Although I was flooded with panic and terror, I kept expecting God would intervene, just like He… Click To Tweet

As hopeless as everything seemed once Jesus was on the CROSS, I still had faith that God would stop the execution. Until Jesus spoke to me, my mind could not process that my Son was going to die right before my eyes. It took such effort for Him to breathe, let alone speak, that it wasn’t surprising that He used such few words. It wasn’t until He told me that His friend John was going to care for me in my widowhood that I realized Jesus was really going to die (John 19:25-27). And die He did.

That gruesome Roman cross took my Jesus’ life, and if that had been all of the story I would not be writing you now. Even with everything that has happened since that Passover Friday, I still despise the memory.

The anguish on the faces of the dying, the soldiers and others ridiculing, part of me prays to… Click To Tweet

Pain and nausea crash over me when I see ornaments shaped into a cross. I want to ask strangers, Do you have any idea what it was like? Can you imagine the sky going dark (Luke 22:44-45), the earth quaking and bodies coming out of the graves?” (Matthew 27: 52-54) But I don’t ask.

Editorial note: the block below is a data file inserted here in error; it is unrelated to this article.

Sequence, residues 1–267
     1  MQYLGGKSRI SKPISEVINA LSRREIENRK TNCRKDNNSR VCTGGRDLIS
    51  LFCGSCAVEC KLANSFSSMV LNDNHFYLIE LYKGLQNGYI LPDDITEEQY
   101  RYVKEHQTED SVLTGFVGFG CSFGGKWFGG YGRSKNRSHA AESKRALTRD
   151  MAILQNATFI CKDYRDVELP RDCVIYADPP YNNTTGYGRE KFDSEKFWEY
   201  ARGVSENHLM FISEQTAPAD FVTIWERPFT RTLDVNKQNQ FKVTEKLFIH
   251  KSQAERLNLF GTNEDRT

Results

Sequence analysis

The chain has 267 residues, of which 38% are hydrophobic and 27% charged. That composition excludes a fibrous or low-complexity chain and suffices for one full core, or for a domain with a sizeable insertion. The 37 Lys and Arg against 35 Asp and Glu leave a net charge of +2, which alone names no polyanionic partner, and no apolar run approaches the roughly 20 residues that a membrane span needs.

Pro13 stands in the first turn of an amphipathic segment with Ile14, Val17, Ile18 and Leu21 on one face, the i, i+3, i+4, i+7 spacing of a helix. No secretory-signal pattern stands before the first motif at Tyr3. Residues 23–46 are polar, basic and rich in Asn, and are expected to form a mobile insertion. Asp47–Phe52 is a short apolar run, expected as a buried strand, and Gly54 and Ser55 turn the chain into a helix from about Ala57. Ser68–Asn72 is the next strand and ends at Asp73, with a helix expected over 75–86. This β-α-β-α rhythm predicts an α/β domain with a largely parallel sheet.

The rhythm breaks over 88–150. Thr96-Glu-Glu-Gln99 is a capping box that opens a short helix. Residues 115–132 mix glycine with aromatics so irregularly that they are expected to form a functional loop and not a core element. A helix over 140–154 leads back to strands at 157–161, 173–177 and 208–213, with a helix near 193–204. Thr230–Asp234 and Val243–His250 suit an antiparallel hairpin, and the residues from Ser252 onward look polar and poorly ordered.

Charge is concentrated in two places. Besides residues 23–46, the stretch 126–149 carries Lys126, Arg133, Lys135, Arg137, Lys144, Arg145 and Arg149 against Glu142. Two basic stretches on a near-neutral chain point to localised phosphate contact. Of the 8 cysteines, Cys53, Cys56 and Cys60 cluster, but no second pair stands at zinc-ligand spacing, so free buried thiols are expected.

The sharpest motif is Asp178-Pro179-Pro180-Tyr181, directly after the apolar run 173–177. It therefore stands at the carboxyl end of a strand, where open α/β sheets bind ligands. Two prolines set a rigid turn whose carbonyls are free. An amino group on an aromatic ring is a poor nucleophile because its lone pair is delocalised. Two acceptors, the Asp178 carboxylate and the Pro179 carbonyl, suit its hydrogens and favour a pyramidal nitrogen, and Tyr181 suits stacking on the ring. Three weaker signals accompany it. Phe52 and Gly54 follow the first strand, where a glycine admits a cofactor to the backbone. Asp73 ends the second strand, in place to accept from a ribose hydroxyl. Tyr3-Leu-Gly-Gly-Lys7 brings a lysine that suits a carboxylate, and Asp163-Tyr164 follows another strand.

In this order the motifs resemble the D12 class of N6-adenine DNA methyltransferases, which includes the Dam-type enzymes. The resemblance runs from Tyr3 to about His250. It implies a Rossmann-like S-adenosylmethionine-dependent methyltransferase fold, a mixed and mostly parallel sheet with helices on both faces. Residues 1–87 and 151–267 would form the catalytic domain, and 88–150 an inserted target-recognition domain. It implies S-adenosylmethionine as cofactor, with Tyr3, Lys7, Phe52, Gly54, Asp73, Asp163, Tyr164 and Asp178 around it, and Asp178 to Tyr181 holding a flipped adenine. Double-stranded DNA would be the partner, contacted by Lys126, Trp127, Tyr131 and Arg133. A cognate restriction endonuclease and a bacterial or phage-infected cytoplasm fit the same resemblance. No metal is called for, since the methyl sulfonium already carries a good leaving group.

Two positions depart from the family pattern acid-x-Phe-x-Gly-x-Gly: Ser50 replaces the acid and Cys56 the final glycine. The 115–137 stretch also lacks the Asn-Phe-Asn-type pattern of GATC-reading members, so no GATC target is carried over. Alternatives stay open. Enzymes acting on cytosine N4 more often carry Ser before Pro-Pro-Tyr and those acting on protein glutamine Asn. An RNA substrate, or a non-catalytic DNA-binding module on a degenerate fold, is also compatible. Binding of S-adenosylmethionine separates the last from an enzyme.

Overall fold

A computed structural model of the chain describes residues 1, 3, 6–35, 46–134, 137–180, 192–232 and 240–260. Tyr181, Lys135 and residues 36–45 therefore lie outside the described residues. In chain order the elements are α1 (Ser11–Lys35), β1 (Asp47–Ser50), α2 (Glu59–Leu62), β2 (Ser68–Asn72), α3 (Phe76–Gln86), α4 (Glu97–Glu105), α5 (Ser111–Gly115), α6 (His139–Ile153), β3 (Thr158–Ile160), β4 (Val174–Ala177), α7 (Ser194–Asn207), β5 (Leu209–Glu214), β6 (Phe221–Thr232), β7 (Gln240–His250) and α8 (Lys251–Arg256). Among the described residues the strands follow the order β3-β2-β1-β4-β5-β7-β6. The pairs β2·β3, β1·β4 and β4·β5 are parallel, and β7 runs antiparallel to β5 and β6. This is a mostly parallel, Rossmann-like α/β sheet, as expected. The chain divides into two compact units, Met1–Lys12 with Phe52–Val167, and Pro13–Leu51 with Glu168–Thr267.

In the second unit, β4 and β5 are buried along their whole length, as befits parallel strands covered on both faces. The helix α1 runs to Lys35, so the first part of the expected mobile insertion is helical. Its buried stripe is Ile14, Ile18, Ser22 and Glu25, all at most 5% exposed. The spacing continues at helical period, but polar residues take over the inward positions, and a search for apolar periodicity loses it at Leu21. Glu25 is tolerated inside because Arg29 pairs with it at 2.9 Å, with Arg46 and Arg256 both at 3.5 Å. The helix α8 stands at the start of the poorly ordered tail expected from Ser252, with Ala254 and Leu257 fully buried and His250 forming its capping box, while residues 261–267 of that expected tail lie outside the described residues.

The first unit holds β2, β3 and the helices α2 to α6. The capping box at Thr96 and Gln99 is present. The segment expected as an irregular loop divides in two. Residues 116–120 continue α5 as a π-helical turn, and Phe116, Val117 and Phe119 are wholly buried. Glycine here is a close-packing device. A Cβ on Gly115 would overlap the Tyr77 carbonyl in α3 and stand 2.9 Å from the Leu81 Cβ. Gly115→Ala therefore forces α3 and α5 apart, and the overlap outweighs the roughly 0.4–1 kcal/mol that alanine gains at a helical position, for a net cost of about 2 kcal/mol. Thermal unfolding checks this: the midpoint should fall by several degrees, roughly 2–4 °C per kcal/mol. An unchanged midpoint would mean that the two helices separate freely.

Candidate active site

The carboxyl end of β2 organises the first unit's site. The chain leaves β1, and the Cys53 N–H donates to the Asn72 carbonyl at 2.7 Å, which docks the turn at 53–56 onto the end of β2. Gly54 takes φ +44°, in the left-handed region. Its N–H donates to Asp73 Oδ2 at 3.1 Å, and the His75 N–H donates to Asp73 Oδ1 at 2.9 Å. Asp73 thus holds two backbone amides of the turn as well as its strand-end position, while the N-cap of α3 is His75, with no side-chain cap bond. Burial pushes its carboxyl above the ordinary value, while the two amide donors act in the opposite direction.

My life since THE CROSS

No, I don’t tell people wearing crosses about The Cross. Because I tell them about what happened after. That is what I am writing to tell you, reader. My Son became my Savior, because His Father, my God, brought Him back from the grave (John 20:1-31). I knew there would be a miracle, I just didn’t realize how incredible the miracle would be. Not only is He “Victorious over Death” Jesus, but He is still alive! He proved there is more than this physical world. I am one of the five hundred who saw Jesus with the crucifixion scars (1 Corinthians 15:6). The spiritual dimension is at times more real to me now than the physical one.

My risen Savior died so I can spend eternity with God. Since He died for my sins, I am closer now to Him than I ever was before The Cross. Through the Holy Spirit we are in constant communion (John 14:26-27). Dear reader, you can also have this same continuous relationship with Him! (Matthew 28:20) This is something to write about!


  • Have you, like Mary, thought that God would intervene in a situation and He didn’t? Did you feel confused, betrayed, or something different? Has your perspective changed or are you still hurting?
  • If you have a story to tell, a prayer request, or an observation, please list it in the comments section.
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About Jayna Coppedge

Jayna Coppedge, married for 30+ years, has 2 adult children. She empowers people to be all that God created them to be. When she can't physically come alongside the parent, the preschool teacher, or the growing Christian, to guide and cheer them further in their relationships. She uses her blog "A Woman Trusting God" and Facebook ministry. Jayna just published Parenting with the End In Mind: Practical Guidance with Biblical Principles